May 15, 2013
TO: CLA MEMBERS/ SYSTEMS/ NETWORK CONTACTS
FROM: Mike Dillon, CLA Lobbyist
Christina DiCaro, CLA Lobbyist
RE: News From the Capitol
SCA 7-WOLK PASSES FIRST COMMITTEE
Thank you to library community for support letters
Shortly after noon today, SCA 7 by Senator Lois Wolk passed the Senate Governance and Finance Committee on a straight partisan vote (all Democrat members voting “aye” and the two Republican members voting “no.”) SCA 7 would authorize the lowering of the local vote threshold from two-thirds to 55% for cities, counties, or library districts to issue construction bonds or levy special taxes for library operations. If passed by the legislature and signed by the Governor, as a constitutional amendment, it would need to be passed by the voters on the November 2014 statewide ballot.
Today’s committee agenda for Senate Governance and Finance contained 6 constitutional amendments, (including Senator Wolk’s), which each seek to lower the local vote threshold for various purposes including transportation projects, special taxes, education, and others. To give all of the measures a fair and thorough hearing, Senator Wolk, who also Chairs the Committee, scheduled all of the related constitutional amendments for a “special order” commencing at 10:30 a.m. In her overview remarks Senator Wolk stated that the discussion about many of the measures would, undoubtedly, center around Proposition 13, but she said that it would be unrealistic to “suggest that the 35 year old law is perfect.” She said that Proposition 13 ultimately “shifted the financing of key public resources to more unstable options….These measures will increase local flexibility and advance the Governor’s concept of subsidiarity, which brings services closest to the people.” Finally, she closed by asking if an “initiative approved by parents and grandparents should bind voters today. They should have their say.”
After all of the authors had presented their measures (which each similarly passed on a straight partisan vote), Senator Wolk took up her SCA 7. During her presentation, Senator Wolk stressed the importance of libraries to our communities, saying that they “aren’t our traditional libraries anymore. They are offering a host of important services from literacy training to resume building classes, to students who use the after-school online tutoring programs.” Mike Dillon testified on behalf of CLA, noting that the year 2000 marked the last time there was a statewide bond approved by the voters and it quickly was exhausted due to the overwhelming infrastructure need of communities. He explained that it was important to give local governments and local voters the ability to make choices for their communities, such as bond construction, or helping to alleviate some of the drastic cuts that were made to library programs in the state Budget, by levying a local tax for library operations.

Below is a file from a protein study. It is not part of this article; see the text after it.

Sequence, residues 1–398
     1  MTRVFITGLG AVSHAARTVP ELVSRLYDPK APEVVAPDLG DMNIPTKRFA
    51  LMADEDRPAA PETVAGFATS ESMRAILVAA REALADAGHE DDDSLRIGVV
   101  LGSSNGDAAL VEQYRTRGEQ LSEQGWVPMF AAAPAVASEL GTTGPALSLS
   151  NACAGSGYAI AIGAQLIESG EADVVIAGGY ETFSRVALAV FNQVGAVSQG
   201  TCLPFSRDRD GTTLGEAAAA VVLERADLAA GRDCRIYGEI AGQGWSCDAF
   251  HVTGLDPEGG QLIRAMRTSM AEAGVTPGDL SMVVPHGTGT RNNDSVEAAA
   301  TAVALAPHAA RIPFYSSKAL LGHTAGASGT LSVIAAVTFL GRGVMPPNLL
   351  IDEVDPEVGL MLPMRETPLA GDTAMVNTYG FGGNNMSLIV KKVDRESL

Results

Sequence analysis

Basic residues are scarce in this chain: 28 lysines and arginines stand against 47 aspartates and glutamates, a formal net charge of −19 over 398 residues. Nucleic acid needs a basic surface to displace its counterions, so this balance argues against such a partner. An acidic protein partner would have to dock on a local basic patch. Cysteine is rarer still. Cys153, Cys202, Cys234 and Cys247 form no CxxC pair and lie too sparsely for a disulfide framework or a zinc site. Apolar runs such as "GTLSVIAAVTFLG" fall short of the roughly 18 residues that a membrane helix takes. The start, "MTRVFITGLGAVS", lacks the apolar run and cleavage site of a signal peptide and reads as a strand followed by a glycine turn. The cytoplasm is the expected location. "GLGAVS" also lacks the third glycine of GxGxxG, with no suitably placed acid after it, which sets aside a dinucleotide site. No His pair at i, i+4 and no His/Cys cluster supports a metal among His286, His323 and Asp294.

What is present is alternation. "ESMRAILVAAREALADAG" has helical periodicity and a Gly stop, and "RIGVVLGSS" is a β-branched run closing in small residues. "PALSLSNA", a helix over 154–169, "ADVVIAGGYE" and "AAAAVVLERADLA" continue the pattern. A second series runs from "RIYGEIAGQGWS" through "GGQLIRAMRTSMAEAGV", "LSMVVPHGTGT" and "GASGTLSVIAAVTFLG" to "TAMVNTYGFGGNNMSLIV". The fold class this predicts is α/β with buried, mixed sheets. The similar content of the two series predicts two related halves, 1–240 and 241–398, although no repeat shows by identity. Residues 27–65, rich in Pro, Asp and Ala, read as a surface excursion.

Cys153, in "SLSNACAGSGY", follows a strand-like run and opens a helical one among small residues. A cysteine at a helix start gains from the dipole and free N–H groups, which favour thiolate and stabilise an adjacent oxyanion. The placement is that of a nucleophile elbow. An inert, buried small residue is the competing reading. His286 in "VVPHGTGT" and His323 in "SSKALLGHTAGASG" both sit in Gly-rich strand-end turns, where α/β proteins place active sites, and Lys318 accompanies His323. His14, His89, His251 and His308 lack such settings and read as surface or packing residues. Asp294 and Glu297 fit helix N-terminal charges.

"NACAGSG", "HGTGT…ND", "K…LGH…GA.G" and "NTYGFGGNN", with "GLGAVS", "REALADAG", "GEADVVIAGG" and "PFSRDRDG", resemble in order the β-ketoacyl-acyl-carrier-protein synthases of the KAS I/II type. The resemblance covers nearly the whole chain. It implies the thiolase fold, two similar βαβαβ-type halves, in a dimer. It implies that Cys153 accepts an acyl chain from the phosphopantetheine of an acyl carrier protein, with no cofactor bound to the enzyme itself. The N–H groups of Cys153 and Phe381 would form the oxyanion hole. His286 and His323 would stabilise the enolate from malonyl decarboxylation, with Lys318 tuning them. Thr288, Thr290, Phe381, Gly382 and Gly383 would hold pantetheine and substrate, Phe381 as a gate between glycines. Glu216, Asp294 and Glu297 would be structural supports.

Patty Wong, the Yolo County Library Director, member of CLA’s Legislative Committee, and former recipient of Senator Wolk’s “Woman of the Year” award, indicated that the measure had the full support of the Yolo County Supervisors and was much needed for her county. In terms of construction needs, she noted a $5-8 million need over the next 10-12 years and added that the patron satisfaction ratings are “beyond high and we have more people than we can possibly serve. We are the most reliable source for broadband. We are the people’s university and their small business center, and their home away from home.”
Also testifying in support of the measure were two representatives of the Friends of the Sacramento Public Library, the California State Association of Counties, the lobbyist for the cities of Pasadena and Burbank, Alan Smith Contra Costa Library Commissioner – also representing the California Public Library Advocates (formerly CALTAC), the League of Cities, the California Labor Federation, and lobbyists for Santa Clara County and the City of San Jose. CLA members are to be commended for their strong outpouring of letters of support for this measure, which was represented in the lengthy list in the committee analysis. (Please see the link to the analysis for SCA 7 to view the full, impressive grouping.)
The SCA measures were not without opposition, with a group of business interests from the Chamber of Commerce to the Howard Jarvis Taxpayers Association, to the realtor and apartment association groups and Farm Bureau, asking the members of the committee to oppose each SCA, based on the “state’s current high tax burden” and various other arguments.
SCA 7 subsequently passed out of committee on a partisan vote, as mentioned. All of the bills are now double-referred to the Senate Elections and Constitutional Amendments Committee, but because they are constitutional amendments, they do not subscribe to the same timeline as a standard bill. They can be taken up this year or early next year. Once SCA 7 is officially assigned to the next policy committee, we will send you the contact information for those Senators and we will be asking you to write letters of support again.